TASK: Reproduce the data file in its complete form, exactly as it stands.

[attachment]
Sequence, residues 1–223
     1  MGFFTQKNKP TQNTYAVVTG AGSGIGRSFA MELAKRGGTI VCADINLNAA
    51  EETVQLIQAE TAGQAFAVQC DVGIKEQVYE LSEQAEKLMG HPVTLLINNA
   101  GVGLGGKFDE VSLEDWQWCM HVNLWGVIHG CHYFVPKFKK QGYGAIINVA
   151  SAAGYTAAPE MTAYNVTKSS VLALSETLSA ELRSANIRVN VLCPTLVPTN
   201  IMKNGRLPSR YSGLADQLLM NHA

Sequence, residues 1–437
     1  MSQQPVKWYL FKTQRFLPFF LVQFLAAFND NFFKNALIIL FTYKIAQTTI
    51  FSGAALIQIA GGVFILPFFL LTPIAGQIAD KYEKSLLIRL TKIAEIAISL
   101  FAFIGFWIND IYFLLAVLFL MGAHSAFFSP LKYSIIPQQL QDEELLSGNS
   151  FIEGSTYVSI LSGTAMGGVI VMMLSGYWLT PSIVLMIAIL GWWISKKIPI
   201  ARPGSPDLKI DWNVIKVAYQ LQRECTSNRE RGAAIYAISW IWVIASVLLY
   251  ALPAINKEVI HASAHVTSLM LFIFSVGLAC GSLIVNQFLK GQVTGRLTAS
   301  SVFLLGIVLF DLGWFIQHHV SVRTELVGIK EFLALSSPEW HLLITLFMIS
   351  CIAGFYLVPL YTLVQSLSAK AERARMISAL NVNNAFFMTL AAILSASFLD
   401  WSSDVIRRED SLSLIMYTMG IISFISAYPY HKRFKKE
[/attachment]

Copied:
Sequence, residues 1–223
     1  MGFFTQKNKP TQNTYAVVTG AGSGIGRSFA MELAKRGGTI VCADINLNAA
    51  EETVQLIQAE TAGQAFAVQC DVGIKEQVYE LSEQAEKLMG HPVTLLINNA
   101  GVGLGGKFDE VSLEDWQWCM HVNLWGVIHG CHYFVPKFKK QGYGAIINVA
   151  SAAGYTAAPE MTAYNVTKSS VLALSETLSA ELRSANIRVN VLCPTLVPTN
   201  IMKNGRLPSR YSGLADQLLM NHA

Sequence, residues 1–437
     1  MSQQPVKWYL FKTQRFLPFF LVQFLAAFND NFFKNALIIL FTYKIAQTTI
    51  FSGAALIQIA GGVFILPFFL LTPIAGQIAD KYEKSLLIRL TKIAEIAISL
   101  FAFIGFWIND IYFLLAVLFL MGAHSAFFSP LKYSIIPQQL QDEELLSGNS
   151  FIEGSTYVSI LSGTAMGGVI VMMLSGYWLT PSIVLMIAIL GWWISKKIPI
   201  ARPGSPDLKI DWNVIKVAYQ LQRECTSNRE RGAAIYAISW IWVIASVLLY
   251  ALPAINKEVI HASAHVTSLM LFIFSVGLAC GSLIVNQFLK GQVTGRLTAS
   301  SVFLLGIVLF DLGWFIQHHV SVRTELVGIK EFLALSSPEW HLLITLFMIS
   351  CIAGFYLVPL YTLVQSLSAK AERARMISAL NVNNAFFMTL AAILSASFLD
   401  WSSDVIRRED SLSLIMYTMG IISFISAYPY HKRFKKE